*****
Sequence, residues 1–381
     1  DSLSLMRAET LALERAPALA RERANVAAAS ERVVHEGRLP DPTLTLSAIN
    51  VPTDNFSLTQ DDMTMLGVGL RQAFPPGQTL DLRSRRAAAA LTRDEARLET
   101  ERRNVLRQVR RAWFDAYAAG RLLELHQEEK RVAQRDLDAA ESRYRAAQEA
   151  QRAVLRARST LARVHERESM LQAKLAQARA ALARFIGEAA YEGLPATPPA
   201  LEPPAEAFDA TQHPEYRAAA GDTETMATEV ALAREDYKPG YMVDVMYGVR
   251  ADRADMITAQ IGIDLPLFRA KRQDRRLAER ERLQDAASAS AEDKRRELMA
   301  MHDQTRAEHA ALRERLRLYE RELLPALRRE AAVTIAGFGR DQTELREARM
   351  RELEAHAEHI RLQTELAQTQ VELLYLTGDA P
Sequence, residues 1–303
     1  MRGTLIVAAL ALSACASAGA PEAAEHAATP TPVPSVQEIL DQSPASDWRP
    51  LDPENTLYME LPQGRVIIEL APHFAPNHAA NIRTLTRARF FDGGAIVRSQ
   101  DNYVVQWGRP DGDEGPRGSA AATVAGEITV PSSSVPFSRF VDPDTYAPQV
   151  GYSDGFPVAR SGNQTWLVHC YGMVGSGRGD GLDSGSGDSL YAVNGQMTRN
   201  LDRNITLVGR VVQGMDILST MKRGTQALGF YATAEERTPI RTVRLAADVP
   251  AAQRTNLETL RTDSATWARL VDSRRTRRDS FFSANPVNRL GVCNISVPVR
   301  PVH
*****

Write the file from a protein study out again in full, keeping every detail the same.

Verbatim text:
Sequence, residues 1–381
     1  DSLSLMRAET LALERAPALA RERANVAAAS ERVVHEGRLP DPTLTLSAIN
    51  VPTDNFSLTQ DDMTMLGVGL RQAFPPGQTL DLRSRRAAAA LTRDEARLET
   101  ERRNVLRQVR RAWFDAYAAG RLLELHQEEK RVAQRDLDAA ESRYRAAQEA
   151  QRAVLRARST LARVHERESM LQAKLAQARA ALARFIGEAA YEGLPATPPA
   201  LEPPAEAFDA TQHPEYRAAA GDTETMATEV ALAREDYKPG YMVDVMYGVR
   251  ADRADMITAQ IGIDLPLFRA KRQDRRLAER ERLQDAASAS AEDKRRELMA
   301  MHDQTRAEHA ALRERLRLYE RELLPALRRE AAVTIAGFGR DQTELREARM
   351  RELEAHAEHI RLQTELAQTQ VELLYLTGDA P
Sequence, residues 1–303
     1  MRGTLIVAAL ALSACASAGA PEAAEHAATP TPVPSVQEIL DQSPASDWRP
    51  LDPENTLYME LPQGRVIIEL APHFAPNHAA NIRTLTRARF FDGGAIVRSQ
   101  DNYVVQWGRP DGDEGPRGSA AATVAGEITV PSSSVPFSRF VDPDTYAPQV
   151  GYSDGFPVAR SGNQTWLVHC YGMVGSGRGD GLDSGSGDSL YAVNGQMTRN
   201  LDRNITLVGR VVQGMDILST MKRGTQALGF YATAEERTPI RTVRLAADVP
   251  AAQRTNLETL RTDSATWARL VDSRRTRRDS FFSANPVNRL GVCNISVPVR
   301  PVH